And if you want to try frumenty or learn to make sugarplums or check out other medieval recipes, try http://www.godecookery.com/mtrans/mtrans15.htm.
Ironically, I remember my great-grandmother making her own mincemeat, and we always had mincemeat pie for Christmas at her house. I was really young, but I remember being revolted when my mom told me the pie really had meat in it. I thought that was so gross.
Does your family observe a tradition that can be traced to “early days?”
He’s everything a proper lady should never want; she’s everything a bastard mercenary can never have.
Sir Giles has come to England to kill his father, who seduced and betrayed his mother. First, however, he’ll seek sweet revenge—kidnap the old lord’s new betrothed. But when Giles uncovers a plot against King Richard, he faces a dilemma: take the lady or track the traitors. What’s a good mercenary to do? Both, of course.
Lady Emelin has had enough. Abandoned in a convent by her brother, she finally has a chance for home and family. Yet now she’s been abducted. Her kidnapper may be the image of her dream knight, but she won’t allow him to spoil this betrothal. Her only solution: escape
Rescuing the intrepid lady—while hunting traitors—is a challenge Giles couldn’t anticipate. But the greatest challenge to Giles and Emelin is the fire blazing between them. For he’s everything a proper lady should never want, and she’s everything a bastard mercenary can never have.
Lady Emelin tucked her heavy brown wimple beneath her chin and watched the wounded knight.
Swollen eyelids, a puffy cheek, and bloody scrapes couldn’t hide his handsome features. Waves of midnight hair fell across his wide forehead to brush one side of his square, stubble-darkened jaw. Grit clustered on the high bridge of his nose. What shame such a strong, rugged man should be cut down. Her pulse fluttered, and she sucked in a sharp breath. Ashamed of such reaction, she squeezed shut her eyes.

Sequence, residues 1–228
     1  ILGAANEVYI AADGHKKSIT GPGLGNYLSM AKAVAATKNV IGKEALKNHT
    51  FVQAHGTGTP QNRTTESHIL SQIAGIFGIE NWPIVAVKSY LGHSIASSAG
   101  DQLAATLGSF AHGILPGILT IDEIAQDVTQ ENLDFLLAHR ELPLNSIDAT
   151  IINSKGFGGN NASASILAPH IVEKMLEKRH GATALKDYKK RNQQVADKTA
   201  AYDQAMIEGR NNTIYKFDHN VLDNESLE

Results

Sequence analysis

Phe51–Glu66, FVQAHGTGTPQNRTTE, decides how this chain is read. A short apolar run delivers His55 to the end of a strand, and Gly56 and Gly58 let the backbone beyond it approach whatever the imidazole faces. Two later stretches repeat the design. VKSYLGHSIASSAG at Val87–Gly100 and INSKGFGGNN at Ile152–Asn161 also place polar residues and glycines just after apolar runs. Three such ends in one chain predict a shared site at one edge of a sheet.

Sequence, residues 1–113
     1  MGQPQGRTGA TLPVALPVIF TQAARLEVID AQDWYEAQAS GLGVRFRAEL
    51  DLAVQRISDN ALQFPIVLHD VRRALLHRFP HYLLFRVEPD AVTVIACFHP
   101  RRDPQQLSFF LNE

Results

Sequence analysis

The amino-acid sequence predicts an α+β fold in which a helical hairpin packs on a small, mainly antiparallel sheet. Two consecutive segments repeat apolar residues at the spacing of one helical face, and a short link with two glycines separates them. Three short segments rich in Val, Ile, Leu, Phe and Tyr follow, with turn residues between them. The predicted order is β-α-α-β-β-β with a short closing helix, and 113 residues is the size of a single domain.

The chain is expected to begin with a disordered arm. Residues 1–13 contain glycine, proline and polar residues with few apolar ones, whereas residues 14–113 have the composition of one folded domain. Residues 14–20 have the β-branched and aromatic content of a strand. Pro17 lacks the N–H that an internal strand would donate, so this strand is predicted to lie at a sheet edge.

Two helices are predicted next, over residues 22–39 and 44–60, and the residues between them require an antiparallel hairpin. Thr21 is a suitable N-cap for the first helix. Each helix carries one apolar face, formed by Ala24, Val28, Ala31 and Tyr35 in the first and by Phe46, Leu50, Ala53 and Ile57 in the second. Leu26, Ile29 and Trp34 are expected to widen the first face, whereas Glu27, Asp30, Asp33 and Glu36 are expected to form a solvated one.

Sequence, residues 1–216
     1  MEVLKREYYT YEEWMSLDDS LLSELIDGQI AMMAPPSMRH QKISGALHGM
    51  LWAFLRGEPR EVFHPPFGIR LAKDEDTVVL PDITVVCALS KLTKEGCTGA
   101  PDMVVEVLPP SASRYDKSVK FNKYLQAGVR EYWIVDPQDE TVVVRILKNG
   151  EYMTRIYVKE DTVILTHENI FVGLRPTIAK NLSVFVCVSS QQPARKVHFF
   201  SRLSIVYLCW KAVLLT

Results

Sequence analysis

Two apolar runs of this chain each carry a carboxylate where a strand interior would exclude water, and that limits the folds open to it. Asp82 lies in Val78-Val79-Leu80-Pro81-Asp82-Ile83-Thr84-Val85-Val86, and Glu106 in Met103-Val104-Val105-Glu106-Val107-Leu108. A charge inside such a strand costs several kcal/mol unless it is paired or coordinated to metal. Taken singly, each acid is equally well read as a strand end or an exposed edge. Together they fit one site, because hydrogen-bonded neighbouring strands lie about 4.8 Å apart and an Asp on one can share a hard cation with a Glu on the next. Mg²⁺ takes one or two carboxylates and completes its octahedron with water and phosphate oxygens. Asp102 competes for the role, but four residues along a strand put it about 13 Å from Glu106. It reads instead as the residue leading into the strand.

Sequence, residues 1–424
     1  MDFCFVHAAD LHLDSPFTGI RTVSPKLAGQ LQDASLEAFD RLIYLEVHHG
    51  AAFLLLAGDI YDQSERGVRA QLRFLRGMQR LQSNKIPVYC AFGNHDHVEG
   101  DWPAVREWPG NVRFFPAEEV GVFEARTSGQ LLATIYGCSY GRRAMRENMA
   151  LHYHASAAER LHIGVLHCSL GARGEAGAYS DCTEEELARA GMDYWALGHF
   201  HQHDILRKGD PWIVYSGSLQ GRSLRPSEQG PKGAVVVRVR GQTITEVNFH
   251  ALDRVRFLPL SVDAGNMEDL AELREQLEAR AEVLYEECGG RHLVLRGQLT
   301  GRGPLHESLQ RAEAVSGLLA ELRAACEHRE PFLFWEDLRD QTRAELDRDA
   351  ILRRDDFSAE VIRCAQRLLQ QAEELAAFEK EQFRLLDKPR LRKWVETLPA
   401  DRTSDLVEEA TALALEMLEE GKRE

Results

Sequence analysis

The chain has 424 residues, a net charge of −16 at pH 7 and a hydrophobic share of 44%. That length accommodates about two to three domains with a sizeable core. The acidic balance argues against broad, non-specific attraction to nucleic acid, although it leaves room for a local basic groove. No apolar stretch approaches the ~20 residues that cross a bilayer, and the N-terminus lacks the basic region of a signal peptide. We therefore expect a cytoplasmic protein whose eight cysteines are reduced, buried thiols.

Would Stephen have been so handsome, had he lived? She hardly recalled what her youthful first betrothed looked like when he joined his foster father on King Richard’s crusade. If only he’d returned, she’d be wed now, with the family she craved.
She sighed, reached for a leaf on her patient’s cheek—and found herself staring into the palest gray eyes she’d ever seen. His mouth moved; she leaned forward.
“What is it?” she murmured.
“Before…I…die,” came the hoarse whisper.
“Yes? What would you like before you die?” If it were in her power, she would provide the poor man with his wish. Drink? Food?
A strong hand gripped the back of her head, pulled her forward. That close, she saw his eyes weren’t gray, but layered like a winter pond winking with ice. They were silver.
“To…kiss…a nun,” came the outrageous reply before his lips met hers.
His warm mouth robbed her of breath for an instant. Then she snapped back with a gasp. And, with inborn reflex, slapped him. His head jerked, his eyes closed, and he lay motionless.
“Oh, Sweet Mary,” Emelin whispered, “I’ve killed him.” Leaning close, she saw his narrow, beautifully molded lips relax. His mouth curved at the corner.
At least he died with a smile on his face.
Barbara Bettis has always loved history and English. As a college freshman, she briefly considered becoming an archeologist until she realized there likely would be bugs and snakes involved. And math.
She now lives in Missouri, where by day she’s a mild-mannered English teacher, and by night she’s an intrepid plotter of tales featuring heroines to die for—and heroes to live for.
”Medieval Christmas.” History Learning Site. http://www.historylearningsite.co.uk/medieval_xmas.htm
Gies, Frances and Joseph. Daily Life in Medieval Times. New York: Barnes and Noble, (originally pubished by Harper Collins), 1990. 106-107.
Cosman, Dr.Madeleine Pelner. Medieval Holidays and Festivals: A Calendar of Celebrations. New York: Charles Scribner & Sons, 1981. 95-96.
Photos: Medieval paintings